In the fourth novel by Emily Giffin, Love the One You're With, we meet Ellen, who has been married to Andy for 100 days when she runs into Leo - the one who got away. We explore the back story of Ellen and Leo, who had an amazingly intense relationship that went awry and then ended abruptly at his instigation. Despite the fact that Ellen loves her husband dearly and is best friends with Margot, his sister, she finds herself keeping it secret that she has met up with Leo. When he gets in contact to offer her a brilliant photography assignment, Ellen finds herself tempted by more than just the offer of work. From there we see through Ellen's eyes as she wavers between the perfect life and wonderful husband on one hand, and wondering 'what if?' about her past relationship with Leo.
I have read all of Giffin's novels and by now I know what to expect. The stories come from a first person perspective and concern women in a relationship dilemma. It is much like sitting down over coffee with a best friend and hearing about her woes - the writing is comfortable and the novels offer a gentle perspective on the various problems that can inflict partnerships. The characters are usually somewhat cliched, and some suffer from being one dimensional as well, but Giffin has a warm voice and invites you to feel sympathy for the situation of the main characters. Here as well, it was hard to conceive that Ellen would end up with anyone but the man she eventually chooses - this would be too subversive for a Giffin book.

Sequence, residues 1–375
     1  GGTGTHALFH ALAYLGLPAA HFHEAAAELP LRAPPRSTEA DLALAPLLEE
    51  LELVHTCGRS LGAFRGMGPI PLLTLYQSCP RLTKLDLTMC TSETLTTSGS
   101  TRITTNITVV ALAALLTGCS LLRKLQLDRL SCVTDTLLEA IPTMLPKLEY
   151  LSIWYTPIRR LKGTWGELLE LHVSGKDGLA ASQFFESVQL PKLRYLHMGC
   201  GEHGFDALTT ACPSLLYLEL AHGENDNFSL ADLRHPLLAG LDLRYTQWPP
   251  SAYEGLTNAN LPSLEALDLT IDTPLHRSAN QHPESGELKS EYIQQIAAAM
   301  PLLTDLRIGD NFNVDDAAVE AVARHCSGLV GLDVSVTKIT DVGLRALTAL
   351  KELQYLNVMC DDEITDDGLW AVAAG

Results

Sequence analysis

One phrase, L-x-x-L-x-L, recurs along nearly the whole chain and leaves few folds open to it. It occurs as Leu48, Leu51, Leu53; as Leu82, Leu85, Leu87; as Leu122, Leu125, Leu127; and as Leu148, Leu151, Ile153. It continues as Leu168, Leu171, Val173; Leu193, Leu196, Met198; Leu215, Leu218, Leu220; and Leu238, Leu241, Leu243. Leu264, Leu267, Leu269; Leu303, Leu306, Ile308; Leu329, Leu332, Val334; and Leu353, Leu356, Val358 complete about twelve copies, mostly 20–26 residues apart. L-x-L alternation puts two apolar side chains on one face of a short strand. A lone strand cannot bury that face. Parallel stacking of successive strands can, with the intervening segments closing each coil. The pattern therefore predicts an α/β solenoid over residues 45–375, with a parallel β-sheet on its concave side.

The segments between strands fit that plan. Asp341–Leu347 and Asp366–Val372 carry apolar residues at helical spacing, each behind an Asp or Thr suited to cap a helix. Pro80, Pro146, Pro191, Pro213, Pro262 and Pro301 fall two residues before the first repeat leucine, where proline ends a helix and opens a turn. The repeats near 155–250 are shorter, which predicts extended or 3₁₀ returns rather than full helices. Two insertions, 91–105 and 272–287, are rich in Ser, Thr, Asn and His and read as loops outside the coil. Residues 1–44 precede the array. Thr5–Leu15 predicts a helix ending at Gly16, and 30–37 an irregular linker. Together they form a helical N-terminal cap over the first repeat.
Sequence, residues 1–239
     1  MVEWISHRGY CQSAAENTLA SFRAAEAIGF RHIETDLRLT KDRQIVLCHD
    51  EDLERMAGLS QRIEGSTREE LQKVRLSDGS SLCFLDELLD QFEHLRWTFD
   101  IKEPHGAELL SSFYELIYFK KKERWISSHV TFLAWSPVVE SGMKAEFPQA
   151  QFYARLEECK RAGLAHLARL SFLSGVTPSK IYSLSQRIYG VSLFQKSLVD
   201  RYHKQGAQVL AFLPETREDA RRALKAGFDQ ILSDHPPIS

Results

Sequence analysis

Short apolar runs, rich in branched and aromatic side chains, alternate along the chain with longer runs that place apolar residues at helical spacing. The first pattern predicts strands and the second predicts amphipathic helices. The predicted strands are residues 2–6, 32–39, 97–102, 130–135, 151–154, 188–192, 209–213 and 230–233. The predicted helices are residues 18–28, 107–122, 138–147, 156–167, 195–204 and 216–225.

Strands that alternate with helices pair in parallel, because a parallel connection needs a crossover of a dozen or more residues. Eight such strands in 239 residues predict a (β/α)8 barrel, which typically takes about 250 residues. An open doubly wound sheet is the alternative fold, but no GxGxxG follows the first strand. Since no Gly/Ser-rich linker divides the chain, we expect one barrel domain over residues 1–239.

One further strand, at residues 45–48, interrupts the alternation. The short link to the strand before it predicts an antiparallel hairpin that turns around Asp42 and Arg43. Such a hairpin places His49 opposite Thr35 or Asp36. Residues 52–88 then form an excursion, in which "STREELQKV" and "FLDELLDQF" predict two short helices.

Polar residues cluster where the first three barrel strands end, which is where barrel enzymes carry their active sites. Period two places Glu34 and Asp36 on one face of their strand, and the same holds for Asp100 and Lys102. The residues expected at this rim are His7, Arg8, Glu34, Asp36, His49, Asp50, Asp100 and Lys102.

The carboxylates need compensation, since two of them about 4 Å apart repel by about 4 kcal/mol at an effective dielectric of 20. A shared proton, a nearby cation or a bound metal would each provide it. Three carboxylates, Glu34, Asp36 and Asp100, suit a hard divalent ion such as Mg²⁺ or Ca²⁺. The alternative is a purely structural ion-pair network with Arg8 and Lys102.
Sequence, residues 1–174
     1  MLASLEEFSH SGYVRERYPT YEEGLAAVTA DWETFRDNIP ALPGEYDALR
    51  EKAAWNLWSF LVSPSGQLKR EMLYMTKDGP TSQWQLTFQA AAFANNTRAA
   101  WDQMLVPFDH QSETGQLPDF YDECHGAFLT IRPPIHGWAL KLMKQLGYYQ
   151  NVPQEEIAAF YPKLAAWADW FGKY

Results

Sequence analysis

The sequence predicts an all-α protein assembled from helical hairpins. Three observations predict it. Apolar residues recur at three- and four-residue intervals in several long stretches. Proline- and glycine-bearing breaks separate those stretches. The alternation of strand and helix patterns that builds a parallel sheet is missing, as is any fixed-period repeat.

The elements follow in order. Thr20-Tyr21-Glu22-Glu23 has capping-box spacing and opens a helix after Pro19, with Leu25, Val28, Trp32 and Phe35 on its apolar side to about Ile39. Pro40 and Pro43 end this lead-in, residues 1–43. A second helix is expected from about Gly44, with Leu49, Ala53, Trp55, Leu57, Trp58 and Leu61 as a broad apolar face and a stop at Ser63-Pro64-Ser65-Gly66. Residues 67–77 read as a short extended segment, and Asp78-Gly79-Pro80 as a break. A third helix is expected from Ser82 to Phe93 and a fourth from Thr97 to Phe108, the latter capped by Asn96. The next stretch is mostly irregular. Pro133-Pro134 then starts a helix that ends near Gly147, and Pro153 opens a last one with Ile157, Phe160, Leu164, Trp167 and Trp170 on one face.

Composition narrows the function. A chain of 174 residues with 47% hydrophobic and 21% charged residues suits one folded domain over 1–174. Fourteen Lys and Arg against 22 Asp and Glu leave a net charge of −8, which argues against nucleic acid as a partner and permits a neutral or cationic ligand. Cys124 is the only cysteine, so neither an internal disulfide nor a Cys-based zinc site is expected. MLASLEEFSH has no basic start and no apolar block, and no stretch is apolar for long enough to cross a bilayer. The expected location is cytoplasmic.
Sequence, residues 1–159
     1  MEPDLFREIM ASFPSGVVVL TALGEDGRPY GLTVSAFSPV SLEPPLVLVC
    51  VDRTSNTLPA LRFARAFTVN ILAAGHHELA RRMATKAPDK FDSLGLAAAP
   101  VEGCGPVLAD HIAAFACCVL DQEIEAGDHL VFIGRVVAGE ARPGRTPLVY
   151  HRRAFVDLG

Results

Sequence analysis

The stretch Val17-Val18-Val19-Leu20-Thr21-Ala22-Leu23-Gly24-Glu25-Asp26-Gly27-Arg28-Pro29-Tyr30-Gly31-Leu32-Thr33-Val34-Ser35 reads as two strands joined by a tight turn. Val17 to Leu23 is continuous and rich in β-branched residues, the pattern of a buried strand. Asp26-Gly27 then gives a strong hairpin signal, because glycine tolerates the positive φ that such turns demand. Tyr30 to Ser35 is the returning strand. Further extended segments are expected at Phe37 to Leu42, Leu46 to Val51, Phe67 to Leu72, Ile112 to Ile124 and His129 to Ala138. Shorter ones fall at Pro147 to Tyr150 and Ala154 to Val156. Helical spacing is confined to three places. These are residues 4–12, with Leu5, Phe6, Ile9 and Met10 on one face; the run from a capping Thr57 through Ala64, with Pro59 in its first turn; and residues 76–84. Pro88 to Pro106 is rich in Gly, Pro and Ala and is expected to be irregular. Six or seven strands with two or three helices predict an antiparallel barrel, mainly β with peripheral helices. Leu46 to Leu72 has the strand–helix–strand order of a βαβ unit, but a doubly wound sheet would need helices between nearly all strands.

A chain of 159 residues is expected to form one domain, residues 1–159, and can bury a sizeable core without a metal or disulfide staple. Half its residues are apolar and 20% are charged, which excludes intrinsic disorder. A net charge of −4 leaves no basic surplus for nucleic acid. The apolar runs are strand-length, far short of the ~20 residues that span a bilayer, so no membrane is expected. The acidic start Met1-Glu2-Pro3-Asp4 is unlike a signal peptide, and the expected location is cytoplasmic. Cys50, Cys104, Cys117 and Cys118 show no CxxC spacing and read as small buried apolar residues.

Here I could identify easily with Ellen - anyone who has had a past relationship end with little explanation and still feels rogue feelings for that person will understand how she got caught up in contacting Leo again when he came back into her life. Giffin explores the ideas of the grass being greener - how those who fall into a rut can see another person or relationship as being preferable, rather than dealing with the problems that exist. I enjoyed Giffin's commentary on how the money her husband earns can be more of a hindrance to Ellen's life than a blessing.
I loved Ellen's enthusiasm for photography and the way that this both led the plot and provided poetic passages that lifted Giffin's writing above that of other 'chick lit' authors. I particularly enjoyed hearing about the shots that she took at Coney Island, and could actually imagine them from the descriptions.
So, this novel was much as I expected and a diverting read on a rainy afternoon, but certainly nothing that would challenge the intellect. Enjoyable and fluffy.
REVIEW: The Forgetting Moon by Brian Lee Durfee
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